Bob Dylan is a phenomenal songwriter, but when it comes to speaking to fans from the stage, we can say that he is a man of few words. However, this changed on Tuesday evening in Vienna. The crowd tried to take photos of the concert despite the strict “no photo” policy, which made Dylan stop the show and speak to the photo-snapping fans to call them out.
Reportedly, as Dylan and his band were playing Blowin’ in the Wind, smartphones in the audience started showing up. The famous singer got evidently infuriated and spoke to the fans, although I can’t clearly hear what he said. He then started moving away from the microphone, walking backwards. This made him trip over a stage monitor, causing him to nearly hit the floor.
After this, Dylan walked back to the microphone and said: “I’ll say it once again: take pictures or don’t take pictures. We can either play or we can pose. Okay?” He and the band stopped playing and posed for a while, and you can hear the crowd yelling “Play!”
The video of the incident was posted on a fan Instagram page bucketsofbob:
According to The Rolling Stone, Dylan only played one more song after the incident and then walked off for the night. The band finished the show with an instrumental version of Just Like Tom Thumb’s Blues.
Here at DIYP, we’ve covered several cases of musicians who got annoyed by fans taking photos, like Adele or Josh Klinghoffer of RHCP. Jack White even banned smartphones from his concert by making fans use Yondr pouches. And honestly, it’s kinda sad that an incident had to happen to make Bob Dylan speak from the stage.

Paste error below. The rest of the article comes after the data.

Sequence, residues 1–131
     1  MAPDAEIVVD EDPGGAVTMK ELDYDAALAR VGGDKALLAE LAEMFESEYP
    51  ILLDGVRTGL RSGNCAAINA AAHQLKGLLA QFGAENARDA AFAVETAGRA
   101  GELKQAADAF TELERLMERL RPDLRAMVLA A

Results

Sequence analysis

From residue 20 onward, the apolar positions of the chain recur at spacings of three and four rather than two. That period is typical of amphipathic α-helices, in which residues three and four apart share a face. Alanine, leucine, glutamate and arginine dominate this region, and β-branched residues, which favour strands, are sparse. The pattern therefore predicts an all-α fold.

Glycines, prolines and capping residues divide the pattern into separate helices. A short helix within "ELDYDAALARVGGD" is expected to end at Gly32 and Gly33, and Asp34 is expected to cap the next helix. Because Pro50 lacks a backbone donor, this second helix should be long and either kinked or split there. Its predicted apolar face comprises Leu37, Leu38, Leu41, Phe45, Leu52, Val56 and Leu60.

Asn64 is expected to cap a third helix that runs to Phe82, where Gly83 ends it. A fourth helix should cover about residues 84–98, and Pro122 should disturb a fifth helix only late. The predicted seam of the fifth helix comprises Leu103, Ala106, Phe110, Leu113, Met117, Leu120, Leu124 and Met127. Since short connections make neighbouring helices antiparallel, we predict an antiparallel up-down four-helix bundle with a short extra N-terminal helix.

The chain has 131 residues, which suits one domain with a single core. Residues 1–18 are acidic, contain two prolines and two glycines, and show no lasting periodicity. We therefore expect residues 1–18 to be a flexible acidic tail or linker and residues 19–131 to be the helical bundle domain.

I’ve said it before and I’ll say it again: I’m extremely annoyed by people who take photos and videos throughout a concert. First of all, they are blocking the view for me and other people behind them. And second, I can’t understand why they can’t leave the freakin’ smartphones for once and simply enjoy the music. Apparently, the musicians also find the latter annoying as well, and I can’t blame them. If they play music for you, the least you can do is listen to it. That should be the reason why you’re at the concert, anyway.
[via NewsCut, The Rolling Stone; image credits: Francisco Antunes/Wikimedia Commons]
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